AO Innovation Translation Center - Technology Transfer | October 2021

Sound-Wave Induced Morphogenesis (3D SIM)

Tiziano Serra

A new technology developed by an AO Research Institute Davos (ARI) research scientist has been licensed to a Switzerland-based start-up and is poised to transform tissue engineering. The result is mimiX Biotherapeutics' CymatiX, the world’s first acoustic bioprinter, making it possible to create biological architectures with sound.

Sound-Wave Induced Morphogenesis (3D SIM) significantly advanced by ARI research scientist Tiziano Serra, PhD, uses sound waves to generate a network of cells within seconds, providing a self-assembled substrate for vascularization. This has the potential to make tissue-engineered constructs based on autogenous materials widely available in operating rooms. In 2020, the technology was licensed to newly created mimiX Biotherapeutics in Switzerland.

Serra’s project was supported by AO resources, including funding and know-how, through the Technology Transfer office at the AO Innovation Translation Center (AO ITC), which partners with inventors to achieve proof of concept and to make solutions clinically available.

Clinical problem

The 3D SIM technology resolves various challenges, for instance, difficulties in rapid and mild recreation of the natural complex morphology of tissues and organs during surgery presented by other promising tissue-engineering technologies, such as 3D printing.

Clinical solution

3D SIM is a gentle, fast, and easy method used to generate multicellular, spatially orchestrated tissue constructs utilizing sound waves. It has excellent potential for use in operating rooms in the future due to its speed. Moreover, as no needles are involved in the printing process, there is no fluid stress on the cells printed and, consequently, no cell damage or death.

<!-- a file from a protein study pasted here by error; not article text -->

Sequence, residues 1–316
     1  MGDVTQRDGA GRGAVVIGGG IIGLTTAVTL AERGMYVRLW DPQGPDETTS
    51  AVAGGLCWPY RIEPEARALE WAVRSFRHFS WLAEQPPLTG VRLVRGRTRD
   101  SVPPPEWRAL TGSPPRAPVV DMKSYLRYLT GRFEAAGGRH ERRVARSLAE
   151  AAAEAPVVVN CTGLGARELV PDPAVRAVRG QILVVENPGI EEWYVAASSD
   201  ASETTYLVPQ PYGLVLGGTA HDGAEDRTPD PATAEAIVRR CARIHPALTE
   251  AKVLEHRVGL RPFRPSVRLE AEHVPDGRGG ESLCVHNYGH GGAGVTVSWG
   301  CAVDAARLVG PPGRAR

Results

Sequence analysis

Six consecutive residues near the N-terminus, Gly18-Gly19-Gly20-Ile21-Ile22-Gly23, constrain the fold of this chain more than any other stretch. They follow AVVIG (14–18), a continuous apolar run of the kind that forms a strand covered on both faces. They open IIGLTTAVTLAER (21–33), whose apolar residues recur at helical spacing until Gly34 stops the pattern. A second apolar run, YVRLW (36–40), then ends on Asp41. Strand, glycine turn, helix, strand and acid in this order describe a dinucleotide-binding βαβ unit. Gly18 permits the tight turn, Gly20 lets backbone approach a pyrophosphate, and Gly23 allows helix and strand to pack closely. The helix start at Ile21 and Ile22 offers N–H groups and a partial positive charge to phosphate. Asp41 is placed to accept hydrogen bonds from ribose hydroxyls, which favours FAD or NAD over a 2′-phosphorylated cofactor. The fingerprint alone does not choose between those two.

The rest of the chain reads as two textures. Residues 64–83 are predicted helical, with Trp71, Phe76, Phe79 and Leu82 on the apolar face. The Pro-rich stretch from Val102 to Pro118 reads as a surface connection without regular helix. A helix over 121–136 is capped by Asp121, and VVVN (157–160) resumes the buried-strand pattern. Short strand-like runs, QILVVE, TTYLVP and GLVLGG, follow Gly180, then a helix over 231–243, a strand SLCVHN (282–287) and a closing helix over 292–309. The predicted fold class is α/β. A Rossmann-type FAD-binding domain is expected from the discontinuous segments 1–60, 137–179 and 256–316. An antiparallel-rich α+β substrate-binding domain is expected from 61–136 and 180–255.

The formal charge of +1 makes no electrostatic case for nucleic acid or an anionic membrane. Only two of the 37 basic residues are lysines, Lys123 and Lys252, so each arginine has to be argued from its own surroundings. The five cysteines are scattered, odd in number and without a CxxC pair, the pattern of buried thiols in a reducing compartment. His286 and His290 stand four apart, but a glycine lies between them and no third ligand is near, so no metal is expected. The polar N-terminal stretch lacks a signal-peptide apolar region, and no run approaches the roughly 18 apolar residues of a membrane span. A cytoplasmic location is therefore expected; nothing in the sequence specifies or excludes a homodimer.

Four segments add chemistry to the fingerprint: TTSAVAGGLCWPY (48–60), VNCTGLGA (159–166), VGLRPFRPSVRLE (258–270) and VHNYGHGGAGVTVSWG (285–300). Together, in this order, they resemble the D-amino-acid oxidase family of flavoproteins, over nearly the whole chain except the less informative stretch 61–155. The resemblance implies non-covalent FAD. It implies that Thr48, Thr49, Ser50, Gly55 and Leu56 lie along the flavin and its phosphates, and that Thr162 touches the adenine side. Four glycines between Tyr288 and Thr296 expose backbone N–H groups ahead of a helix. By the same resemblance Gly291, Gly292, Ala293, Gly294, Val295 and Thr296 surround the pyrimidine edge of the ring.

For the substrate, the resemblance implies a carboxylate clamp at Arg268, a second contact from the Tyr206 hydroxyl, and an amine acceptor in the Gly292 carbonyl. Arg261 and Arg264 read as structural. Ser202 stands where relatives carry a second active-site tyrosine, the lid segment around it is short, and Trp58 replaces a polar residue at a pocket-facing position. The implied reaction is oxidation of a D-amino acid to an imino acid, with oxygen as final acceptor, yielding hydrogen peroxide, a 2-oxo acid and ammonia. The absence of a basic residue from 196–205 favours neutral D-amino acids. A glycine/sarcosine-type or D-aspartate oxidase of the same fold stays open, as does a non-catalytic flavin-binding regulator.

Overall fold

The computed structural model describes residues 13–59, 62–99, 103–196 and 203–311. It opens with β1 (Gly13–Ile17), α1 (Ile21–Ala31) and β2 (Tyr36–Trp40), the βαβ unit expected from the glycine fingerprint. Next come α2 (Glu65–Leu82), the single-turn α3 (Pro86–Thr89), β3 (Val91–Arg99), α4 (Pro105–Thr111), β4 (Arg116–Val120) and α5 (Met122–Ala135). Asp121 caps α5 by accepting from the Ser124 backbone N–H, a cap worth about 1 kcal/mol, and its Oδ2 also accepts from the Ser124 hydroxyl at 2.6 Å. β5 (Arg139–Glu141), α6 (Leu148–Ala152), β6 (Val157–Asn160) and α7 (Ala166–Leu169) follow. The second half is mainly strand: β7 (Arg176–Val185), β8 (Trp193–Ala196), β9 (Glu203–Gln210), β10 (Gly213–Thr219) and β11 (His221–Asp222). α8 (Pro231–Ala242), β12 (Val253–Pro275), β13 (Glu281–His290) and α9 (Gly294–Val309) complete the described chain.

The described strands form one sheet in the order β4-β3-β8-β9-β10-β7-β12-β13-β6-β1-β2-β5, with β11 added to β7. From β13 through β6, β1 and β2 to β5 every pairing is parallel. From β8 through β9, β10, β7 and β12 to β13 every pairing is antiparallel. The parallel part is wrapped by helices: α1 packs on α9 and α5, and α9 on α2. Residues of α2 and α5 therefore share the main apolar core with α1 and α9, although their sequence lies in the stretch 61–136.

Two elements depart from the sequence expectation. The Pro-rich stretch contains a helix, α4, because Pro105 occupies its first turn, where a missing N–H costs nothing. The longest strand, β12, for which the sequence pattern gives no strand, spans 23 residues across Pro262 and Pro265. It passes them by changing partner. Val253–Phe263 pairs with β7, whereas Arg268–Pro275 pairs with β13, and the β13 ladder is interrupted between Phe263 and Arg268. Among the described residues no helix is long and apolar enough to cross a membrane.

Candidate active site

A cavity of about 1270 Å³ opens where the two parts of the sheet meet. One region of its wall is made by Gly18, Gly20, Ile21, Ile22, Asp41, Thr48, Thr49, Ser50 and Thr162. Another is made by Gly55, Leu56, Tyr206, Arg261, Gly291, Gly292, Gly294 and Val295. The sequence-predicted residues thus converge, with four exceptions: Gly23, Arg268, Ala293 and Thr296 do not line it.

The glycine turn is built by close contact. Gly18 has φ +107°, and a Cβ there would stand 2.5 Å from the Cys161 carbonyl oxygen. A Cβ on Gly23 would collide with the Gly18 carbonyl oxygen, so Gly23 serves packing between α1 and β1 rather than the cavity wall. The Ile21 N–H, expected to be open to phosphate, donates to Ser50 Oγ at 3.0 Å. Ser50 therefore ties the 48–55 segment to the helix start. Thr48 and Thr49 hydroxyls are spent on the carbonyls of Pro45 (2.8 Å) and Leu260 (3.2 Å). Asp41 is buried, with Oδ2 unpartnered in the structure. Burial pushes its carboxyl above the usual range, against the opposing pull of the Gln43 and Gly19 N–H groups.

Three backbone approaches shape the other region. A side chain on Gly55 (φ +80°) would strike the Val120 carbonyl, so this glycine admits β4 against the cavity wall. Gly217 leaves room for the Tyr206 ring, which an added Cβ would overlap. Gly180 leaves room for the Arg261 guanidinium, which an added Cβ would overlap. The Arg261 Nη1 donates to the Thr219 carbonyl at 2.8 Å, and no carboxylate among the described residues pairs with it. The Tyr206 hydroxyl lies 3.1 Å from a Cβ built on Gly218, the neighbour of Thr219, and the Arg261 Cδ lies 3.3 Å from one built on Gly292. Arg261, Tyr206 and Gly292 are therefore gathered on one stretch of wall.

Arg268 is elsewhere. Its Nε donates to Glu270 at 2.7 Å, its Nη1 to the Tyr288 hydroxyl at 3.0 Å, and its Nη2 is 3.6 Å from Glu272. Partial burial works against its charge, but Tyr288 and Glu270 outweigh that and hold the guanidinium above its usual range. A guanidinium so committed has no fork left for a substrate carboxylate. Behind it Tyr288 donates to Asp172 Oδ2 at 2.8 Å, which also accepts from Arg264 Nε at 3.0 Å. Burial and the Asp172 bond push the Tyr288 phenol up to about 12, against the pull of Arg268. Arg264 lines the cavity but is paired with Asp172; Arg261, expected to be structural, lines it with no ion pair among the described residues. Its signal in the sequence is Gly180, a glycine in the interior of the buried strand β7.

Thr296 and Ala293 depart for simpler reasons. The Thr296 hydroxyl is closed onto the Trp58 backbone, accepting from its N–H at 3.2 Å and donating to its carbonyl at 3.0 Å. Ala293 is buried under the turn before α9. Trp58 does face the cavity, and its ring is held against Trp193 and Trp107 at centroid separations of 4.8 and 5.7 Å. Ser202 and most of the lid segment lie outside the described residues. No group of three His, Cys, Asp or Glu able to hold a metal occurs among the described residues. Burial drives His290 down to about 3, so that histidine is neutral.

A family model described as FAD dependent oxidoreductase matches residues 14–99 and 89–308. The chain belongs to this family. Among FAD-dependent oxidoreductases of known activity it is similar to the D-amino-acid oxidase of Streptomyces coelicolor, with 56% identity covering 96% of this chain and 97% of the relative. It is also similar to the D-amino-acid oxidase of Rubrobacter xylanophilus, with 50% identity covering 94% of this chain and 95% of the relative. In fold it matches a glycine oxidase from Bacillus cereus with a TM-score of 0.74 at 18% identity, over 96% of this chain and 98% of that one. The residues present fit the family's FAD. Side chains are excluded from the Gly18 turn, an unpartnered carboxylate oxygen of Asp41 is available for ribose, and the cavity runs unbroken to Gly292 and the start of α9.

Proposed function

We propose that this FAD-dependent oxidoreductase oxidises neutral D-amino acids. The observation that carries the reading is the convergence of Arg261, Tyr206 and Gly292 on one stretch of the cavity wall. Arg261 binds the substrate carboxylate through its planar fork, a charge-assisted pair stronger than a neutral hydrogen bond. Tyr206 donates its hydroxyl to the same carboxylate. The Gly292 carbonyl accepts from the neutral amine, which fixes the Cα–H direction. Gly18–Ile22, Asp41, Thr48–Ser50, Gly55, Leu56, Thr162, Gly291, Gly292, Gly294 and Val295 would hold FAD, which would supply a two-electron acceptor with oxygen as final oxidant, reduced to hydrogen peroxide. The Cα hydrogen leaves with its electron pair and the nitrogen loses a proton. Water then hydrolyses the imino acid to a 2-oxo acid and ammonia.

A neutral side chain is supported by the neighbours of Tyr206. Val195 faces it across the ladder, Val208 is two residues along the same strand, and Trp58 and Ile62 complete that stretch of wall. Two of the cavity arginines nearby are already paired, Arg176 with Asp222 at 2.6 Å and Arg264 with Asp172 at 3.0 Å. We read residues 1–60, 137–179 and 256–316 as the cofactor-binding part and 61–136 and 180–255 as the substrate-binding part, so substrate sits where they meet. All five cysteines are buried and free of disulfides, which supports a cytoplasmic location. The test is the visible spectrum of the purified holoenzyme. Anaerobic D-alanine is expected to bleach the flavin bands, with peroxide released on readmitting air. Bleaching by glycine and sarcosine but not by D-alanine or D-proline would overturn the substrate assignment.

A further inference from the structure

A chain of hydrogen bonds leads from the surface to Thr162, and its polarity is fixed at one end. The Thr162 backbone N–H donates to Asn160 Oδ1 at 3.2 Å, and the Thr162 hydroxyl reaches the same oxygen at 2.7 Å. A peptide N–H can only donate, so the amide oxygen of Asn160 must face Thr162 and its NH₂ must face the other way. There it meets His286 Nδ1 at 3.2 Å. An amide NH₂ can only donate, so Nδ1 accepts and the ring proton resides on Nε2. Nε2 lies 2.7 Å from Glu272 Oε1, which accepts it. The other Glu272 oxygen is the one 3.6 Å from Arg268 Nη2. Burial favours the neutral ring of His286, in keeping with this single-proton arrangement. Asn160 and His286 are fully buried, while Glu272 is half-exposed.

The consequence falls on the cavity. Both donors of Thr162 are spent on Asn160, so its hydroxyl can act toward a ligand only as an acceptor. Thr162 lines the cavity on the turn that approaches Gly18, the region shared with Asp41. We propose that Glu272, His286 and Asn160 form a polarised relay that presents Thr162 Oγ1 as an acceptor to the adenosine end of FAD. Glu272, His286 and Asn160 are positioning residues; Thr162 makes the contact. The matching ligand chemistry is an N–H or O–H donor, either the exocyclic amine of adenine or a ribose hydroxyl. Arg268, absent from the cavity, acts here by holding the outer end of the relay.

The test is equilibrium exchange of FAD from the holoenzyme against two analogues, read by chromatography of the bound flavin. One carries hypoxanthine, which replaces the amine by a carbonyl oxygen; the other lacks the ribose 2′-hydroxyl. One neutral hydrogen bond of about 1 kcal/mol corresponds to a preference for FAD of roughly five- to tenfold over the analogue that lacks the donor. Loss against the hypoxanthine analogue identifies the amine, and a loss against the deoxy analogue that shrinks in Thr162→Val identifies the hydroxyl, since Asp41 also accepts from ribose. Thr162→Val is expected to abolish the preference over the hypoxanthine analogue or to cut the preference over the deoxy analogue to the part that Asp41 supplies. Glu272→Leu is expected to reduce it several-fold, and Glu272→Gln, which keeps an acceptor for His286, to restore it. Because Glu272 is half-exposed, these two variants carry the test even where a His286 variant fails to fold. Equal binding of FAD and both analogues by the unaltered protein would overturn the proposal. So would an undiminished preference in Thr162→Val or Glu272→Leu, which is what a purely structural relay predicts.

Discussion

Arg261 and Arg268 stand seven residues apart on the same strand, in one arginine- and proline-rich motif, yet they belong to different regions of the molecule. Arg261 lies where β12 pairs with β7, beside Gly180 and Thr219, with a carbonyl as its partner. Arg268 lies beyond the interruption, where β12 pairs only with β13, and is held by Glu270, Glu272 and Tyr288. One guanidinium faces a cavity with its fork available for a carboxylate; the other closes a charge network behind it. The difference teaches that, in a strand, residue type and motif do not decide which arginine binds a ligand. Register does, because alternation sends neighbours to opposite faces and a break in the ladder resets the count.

Vascular tissue engineering, the generation of tissue that includes vessels, has the potential to significantly impact the treatment of numerous medical conditions. It could provide in vitro generated, vascularized tissue and be useful for in vitro models for diagnostic and drug discovery indications. However, developing a large-scale, functional, vascularized construct is still a major challenge and an unsolved clinical problem.

The 3D SIM technology aims to make artificial tissues a true therapeutic option by providing affordable, life-transforming treatment for patients. This intraoperative method for generating vascularized constructs can disrupt and trigger development across the entire field of regenerative, personalized, and precision medicine. Serra began working on the 3D SIM project when he joined ARI in October 2016 and went on to earn CHF 180,000 in support from BRIDGE, a joint program with the Swiss National Science Foundation and Innosuisse—Swiss Innovation Agency.

In less than a minute, the system generates large-size, cell-patterned constructs (from a few millimeters to 150 square centimeters) to guide the formation of vascularized tissues—a real breakthrough. The technology can pattern cells and build tissue layer upon layer, meaning that it can be used to generate specially orchestrated tissue models for use in screening drugs and in creating patient-specific tissue and disease models.  This means scientists, pharma companies, and clinicians can simply use a pipette to put cells into the mimiX system’s labware and then apply sound for a few seconds, leading to the formation of a pattern of cells that can then be extracted and used to treat the patient. In principle, this technology can be used to produce skin, bone, cartilage, and even organs. The system, Serra said, could revolutionize the way 3D organs and tissues are generated and the way of working in the operating room by offering a cost-efficient, point-of-care tissue- engineering approach to regenerative, patient-tailored precision medicine.


Fig 1a–c Human umbilical vein endothelial cells (HUVEC) patterned within fibrin gel in a circle shape to assemble a proto-vessel structure after 72 hours.


Fig 2 CymatiX™: the first acoustic bioprinter.


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